The anatomy of an office hour: Why one-on-one meetings matter
Here at MaRS we provide a wide range of advisory services to startups, including strategic, technical and business counsel. Our office hours allow MaRS clients to meet one-on-one with a variety of advisors who have a range of expertise. Office hours provide a critically important opportunity to tap an advisor for domain expertise, check in on your progress, get an opinion on a specific event in the life of your startup, inquire about additional services at MaRS and much more.
I truly love working office hours in the information technology, communications and entertainment practice at MaRS. Every hour is a unique challenge—sometimes emergent, sometimes complex—and few are dull in any way, shape or form. I find office hours to be really energizing and, from the feedback we receive from our clients, it seems office hours motivate them, as well.
An office hour is a really unique thing in that it can be remarkably dynamic, yet equally amorphous.
My greatest weakness is in trying to “lead” a session; the best office hours are always the result of trading in detailed driving directions for a dog-eared road map, allowing the participants to develop a common sense of a destination absent of a specific route.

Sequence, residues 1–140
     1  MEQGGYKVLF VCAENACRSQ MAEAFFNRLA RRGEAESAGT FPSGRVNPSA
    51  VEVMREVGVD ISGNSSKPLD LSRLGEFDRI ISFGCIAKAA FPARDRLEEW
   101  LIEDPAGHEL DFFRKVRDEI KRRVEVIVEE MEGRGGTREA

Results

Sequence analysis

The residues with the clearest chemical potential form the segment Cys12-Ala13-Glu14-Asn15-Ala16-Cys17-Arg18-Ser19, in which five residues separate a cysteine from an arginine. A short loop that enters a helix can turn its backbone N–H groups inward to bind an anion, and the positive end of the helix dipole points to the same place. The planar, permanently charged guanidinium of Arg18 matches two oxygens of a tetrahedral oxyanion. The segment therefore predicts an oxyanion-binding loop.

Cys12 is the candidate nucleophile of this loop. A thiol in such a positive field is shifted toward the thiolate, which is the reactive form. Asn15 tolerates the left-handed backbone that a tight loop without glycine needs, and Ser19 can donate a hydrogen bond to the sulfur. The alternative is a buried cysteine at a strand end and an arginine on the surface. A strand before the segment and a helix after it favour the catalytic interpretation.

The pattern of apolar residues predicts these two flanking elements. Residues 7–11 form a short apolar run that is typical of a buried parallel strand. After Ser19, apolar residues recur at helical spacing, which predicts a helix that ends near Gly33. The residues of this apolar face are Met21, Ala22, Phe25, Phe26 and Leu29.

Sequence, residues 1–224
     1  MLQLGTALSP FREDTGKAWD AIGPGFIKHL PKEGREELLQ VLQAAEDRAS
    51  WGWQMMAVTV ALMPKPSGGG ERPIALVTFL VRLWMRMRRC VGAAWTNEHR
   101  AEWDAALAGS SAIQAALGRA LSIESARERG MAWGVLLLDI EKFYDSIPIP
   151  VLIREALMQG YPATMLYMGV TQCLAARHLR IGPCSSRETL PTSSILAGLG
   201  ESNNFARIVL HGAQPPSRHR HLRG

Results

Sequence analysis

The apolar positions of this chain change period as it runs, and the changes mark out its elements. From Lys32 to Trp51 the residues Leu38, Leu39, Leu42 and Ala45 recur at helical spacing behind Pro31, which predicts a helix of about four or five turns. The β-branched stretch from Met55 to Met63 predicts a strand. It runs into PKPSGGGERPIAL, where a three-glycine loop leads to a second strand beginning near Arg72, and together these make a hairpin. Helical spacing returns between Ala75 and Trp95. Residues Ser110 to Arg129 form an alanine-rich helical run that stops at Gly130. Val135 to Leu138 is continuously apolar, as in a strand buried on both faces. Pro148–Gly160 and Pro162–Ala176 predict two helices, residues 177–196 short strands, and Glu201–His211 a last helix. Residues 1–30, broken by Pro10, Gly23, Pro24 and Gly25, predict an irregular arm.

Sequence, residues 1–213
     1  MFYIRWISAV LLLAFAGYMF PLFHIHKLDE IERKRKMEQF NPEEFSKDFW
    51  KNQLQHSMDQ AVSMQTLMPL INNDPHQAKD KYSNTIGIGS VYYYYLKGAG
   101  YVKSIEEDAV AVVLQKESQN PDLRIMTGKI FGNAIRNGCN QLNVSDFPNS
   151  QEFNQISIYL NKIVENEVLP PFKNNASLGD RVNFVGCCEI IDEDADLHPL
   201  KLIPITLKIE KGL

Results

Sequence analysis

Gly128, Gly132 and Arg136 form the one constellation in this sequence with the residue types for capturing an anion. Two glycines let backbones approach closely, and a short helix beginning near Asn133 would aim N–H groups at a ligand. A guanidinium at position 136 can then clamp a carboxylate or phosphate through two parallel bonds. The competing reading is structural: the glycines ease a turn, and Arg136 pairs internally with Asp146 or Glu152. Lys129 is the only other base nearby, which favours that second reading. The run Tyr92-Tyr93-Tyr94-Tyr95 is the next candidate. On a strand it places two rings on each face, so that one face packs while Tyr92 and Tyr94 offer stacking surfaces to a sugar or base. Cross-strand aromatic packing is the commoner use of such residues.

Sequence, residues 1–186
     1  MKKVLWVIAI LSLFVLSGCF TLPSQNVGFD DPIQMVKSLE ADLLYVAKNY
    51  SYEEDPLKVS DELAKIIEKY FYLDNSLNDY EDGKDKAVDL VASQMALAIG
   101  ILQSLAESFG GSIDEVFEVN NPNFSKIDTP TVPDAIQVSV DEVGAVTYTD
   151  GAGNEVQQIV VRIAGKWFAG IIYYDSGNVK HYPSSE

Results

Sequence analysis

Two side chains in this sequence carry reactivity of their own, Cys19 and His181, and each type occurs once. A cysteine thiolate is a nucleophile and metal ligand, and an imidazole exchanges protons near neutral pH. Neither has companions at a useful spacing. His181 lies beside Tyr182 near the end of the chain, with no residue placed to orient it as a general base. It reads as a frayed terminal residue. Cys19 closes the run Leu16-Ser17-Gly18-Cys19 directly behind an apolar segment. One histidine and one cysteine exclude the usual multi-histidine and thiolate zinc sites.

One common challenge that startup founders face is that at the times when you feel you’re in most need of perspective and guidance there often appears to be a paucity of resources. It follows, of course, that at the times when you need to drill down, focus and execute, everyone seems to come out of the woodwork to offer their two cents. The beauty of the office hour is that the engagement is client-driven and addresses an immediate need. Those of us who have built careers as entrepreneurs and advisors understand that the value of the perspectives of those people we let into our inner circle depends on timing.
Good advice that is thoughtful, well intended and perfectly timed is infinitely more useful than great advice that falls on untuned ears and closed minds.
The life of a startup is one of captured and missed opportunities, of groundbreaking moments in the evolution of an idea to a business. More often than not, an office hour identifies an issue, an angle, a notion—some essential thing—that may or may not have arisen before, but is deeply resonant at this exact moment in the history of the business.
Having been on both sides of the table for a good number of years, I appreciate that sometimes the best result of an office hour is that things are less resolved than when the meeting began. Often, 60 minutes together provides takeaways for both sides of the table, new angles on how to tackle unresolved issues and different ways of processing recent inputs into the gears that drive the startup.
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